Zombie road iii rage on.., p.1
Zombie Road III: Rage on the Rails, page 1
Zombie Road III
Rage on the Rails
David A. Simpson
Also by David A. Simpson
20. Madame President
31. Madame President
Also by David A. Simpson
Zombie Road: Convoy of Carnage
Zombie Road II: Bloodbath on the Blacktop
Zombie Road III: Rage on the Rails
Zombie Road IV: Road to Redemption
Tales from the Zombie Road: The Long Haul Anthology
Undead Worlds: A Reanimated Writers Anthology
Treasured Chests: A Zombie Anthology
Splintered Dreams: A Guide to the Apocalypse
If you haven’t read the first books in this series,
Convoy of Carnage
Zombie Road II:
Bloodbath on the Blacktop
I urge you to do so before continuing.
The first few paragraphs in the following prologue is a brief summation of those books. If you read it, it will totally spoil all of the suspense and surprises that await you in the 1st two volumes.
Some of the actions of the characters in this third book may not make much sense without the background.
Zombie Road III
Rage on the Rails
Book 3 in the Zombie Road Series
This is a work of fiction by
David A. Simpson
All characters contained herein are fictional and all similarities to actual persons, living or dead, are purely coincidental.
No portion of this text may be copied or duplicated without author or publisher written permission, with the exception of use in professional reviews.
Copyright © 2017 David A. Simpson
All rights reserved.
Zombie Road III
Rage on the Rails
A two-fisted trucker tale
Dedicated to my dearest partner in life:
The nit-picky OCD, grammar-Nazi, Robin.
He felt much older than his years, all this sitting and talking to the interviewers was harder than actually doing the work of homesteading. More exhausting than swinging an ax or tending his garden. He wanted to wrap up the story. He wanted to get away from all these people. He wanted to go hunting.
He hadn’t realized it would take him so long to tell it. Once he started to open up, the words that had been penned up inside of him just seemed to flow. He had probably forgotten a lot of the people, a lot of the names, but he had given it his best effort. He wasn’t trying to hide anything. He didn’t care what people thought of him, if they thought anything at all. Their opinions meant nothing to him. If the reformed world wanted the truth, he would give it to them, unvarnished, the best he could. He hadn’t been there for everything, some parts of the story he only knew from listening to the people that had lived it, tell it. Or people who knew those people.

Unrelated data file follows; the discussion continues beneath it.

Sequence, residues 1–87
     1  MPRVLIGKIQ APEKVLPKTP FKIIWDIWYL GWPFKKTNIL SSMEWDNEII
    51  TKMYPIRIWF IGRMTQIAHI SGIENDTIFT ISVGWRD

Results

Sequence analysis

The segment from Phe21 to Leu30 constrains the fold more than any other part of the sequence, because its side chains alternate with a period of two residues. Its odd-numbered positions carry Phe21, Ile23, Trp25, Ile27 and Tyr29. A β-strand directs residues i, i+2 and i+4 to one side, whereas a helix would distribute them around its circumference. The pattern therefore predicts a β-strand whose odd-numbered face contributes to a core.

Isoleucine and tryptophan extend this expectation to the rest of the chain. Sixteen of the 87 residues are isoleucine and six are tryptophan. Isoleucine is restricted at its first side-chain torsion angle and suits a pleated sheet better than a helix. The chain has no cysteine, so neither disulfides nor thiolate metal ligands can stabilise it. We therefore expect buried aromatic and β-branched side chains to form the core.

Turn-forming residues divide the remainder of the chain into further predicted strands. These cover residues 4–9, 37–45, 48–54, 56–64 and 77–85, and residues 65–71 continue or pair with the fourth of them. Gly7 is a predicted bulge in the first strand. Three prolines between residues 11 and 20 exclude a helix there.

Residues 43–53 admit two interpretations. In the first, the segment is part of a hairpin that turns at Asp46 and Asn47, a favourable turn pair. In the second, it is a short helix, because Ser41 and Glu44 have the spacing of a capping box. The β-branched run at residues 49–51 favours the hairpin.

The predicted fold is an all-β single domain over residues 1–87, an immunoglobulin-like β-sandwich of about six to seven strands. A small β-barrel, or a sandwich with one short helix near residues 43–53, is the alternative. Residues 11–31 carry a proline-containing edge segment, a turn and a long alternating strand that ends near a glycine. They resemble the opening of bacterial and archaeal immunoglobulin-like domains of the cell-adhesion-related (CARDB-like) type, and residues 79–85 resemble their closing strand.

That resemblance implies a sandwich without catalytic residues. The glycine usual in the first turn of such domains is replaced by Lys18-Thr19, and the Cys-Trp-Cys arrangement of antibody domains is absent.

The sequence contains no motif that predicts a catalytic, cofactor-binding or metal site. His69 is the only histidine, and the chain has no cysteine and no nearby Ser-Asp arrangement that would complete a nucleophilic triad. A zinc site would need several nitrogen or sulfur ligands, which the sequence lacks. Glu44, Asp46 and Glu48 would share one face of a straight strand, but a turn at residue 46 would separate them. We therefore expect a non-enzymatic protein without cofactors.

Civilized society had come very close to becoming extinct. If Lakota had fallen, the other struggling empires that were just getting started would have been next on the list to be destroyed. Sure, some of them were a little harsh, but they were all much better than the Sharia system the radicals were trying to establish. To the Americans, anyway. They would never be subjugated, and the extremists didn’t even try, they had a scorched earth attitude.
He was getting ahead of himself, trying to organize the story in his head so he could tell them what they came all this way to hear. He still had quite a bit of the tale to tell, a few more heroes they may or may not know about. Some of them did mighty deeds, some of them simply made sure the right number of bullets were in the right place, at the right time. He hadn’t asked them who else they had interviewed, who else was still alive and doing well. He wondered if their stories contradicted his, if he remembered wrong. If the campfire tales and holiday retellings had subtly grown and changed, and original truths became embellished fictions. Maybe it didn’t matter. Maybe the world needed another Pecos Bill or John Henry or Paul Bunyan. Larger than life heroes. Maybe it needed the bad guys to be really, really bad and the good guys to be really, really good. It was a different world than it was the day before everything went to hell.
Life wasn’t easy in the new world, it was still dangerous in some ways, and there was always the chance of a new outbreak of zombies popping up somewhere. The population had gone from nearly eight billion people, to probably less than a million. There was plenty of everything for everyone for a while, but supplies did eventually run out. Civilization had to be restarted and it rebooted a lot simpler than it had been at the dawn of the twenty-first century.